Gum recession is the condition when the gum tissue pulls away from the teeth, exposing the roots of the teeth.
It is a common condition for adults above the age of 40. The gums are a protective tissue that surrounds and supports the tooth.
Gum recession results in retraction of the gum line, exposing more and more of the teeth to the mouth’s environment. This may result in accelerated tooth decay and loosening of the teeth.
Gum recession treatments are varied and depend on the cause of the condition and its severity.
Non-Surgical Methods of Growing back Gum
If the gum recession is not severe and can be halted and grown back by simple alteration of the mouth’s environment, than non-surgical options are proposed.
This is generally the case for bacterial infections of the gum, particularly those in an early stage. In these cases, a professional deep cleaning of the periodontal pockets is recommended.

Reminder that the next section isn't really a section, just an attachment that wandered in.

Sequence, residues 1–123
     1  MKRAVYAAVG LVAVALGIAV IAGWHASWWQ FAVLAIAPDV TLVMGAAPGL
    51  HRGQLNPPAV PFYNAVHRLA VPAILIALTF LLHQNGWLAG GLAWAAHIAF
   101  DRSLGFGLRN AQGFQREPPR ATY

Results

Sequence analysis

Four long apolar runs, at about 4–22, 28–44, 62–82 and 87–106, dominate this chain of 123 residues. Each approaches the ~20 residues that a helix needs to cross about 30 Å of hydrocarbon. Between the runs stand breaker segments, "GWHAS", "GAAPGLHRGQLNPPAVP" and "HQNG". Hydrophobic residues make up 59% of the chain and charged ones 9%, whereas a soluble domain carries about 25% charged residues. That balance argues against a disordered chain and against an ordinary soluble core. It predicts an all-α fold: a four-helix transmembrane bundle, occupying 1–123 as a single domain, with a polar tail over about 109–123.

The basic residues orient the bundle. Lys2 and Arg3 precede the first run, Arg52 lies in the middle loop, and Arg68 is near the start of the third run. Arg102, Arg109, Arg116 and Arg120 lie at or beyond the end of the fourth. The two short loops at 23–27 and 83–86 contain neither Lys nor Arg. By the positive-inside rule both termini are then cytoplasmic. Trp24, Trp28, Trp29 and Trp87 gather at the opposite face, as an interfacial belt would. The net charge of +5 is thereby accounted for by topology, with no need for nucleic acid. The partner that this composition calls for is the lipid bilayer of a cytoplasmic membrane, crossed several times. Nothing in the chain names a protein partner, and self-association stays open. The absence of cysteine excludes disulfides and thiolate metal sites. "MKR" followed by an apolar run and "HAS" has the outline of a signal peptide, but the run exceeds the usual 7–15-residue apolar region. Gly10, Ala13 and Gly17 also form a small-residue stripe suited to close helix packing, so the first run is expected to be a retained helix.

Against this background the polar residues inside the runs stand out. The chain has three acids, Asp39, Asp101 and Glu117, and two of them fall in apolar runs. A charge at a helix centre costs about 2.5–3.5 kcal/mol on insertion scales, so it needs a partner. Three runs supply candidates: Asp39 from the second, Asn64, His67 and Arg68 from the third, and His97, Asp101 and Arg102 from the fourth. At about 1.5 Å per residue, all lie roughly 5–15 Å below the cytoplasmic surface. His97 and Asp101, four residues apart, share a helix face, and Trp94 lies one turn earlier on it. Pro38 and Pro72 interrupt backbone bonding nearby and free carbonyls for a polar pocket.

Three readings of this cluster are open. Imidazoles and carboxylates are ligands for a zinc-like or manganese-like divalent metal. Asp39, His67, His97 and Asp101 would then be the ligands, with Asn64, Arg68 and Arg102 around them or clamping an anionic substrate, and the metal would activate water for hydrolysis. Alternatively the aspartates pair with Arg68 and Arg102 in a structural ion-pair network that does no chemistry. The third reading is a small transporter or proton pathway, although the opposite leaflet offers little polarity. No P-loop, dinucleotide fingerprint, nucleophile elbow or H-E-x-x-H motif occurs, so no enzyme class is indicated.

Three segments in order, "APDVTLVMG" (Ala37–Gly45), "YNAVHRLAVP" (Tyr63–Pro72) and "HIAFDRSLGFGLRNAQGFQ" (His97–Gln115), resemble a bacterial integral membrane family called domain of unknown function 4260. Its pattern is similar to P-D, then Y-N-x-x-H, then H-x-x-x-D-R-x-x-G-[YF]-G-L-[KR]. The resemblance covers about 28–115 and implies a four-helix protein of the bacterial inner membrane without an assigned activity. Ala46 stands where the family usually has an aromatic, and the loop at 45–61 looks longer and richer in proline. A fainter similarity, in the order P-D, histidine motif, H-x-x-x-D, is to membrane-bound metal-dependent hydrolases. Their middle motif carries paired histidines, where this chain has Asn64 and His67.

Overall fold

This involves removal of plaque and tartar above and below the gum line in order to reduce the sources of bacterial infection.
Surgical Methods of Growing back Gum
Surgical gum recession treatment methods are employed in more advanced cases, where the receded gum line is unlikely to grow back with simple means. The following receding gum treatments are available:
Soft Tissue Graft—this involves taking gum tissue from other parts of the mouth (e.g. the palate or healthier parts of the gum), placing it over the exposed places and suturing them in place. This procedure is quite easy on the patient. It requires only mild painkilling treatment and lasts for a lifetime with proper care.
Bone Grafts—exposure of the root can lead to atrophy of the jawbone as a result of bacterial infection. Bone grafts can grow back the bone, making it easier to hold teeth and gum.
Bone tissue can be taken from the jaw, hip, or tibia and placed in the jawbone. Special membranes are inserted to protect it and assist in bone regeneration.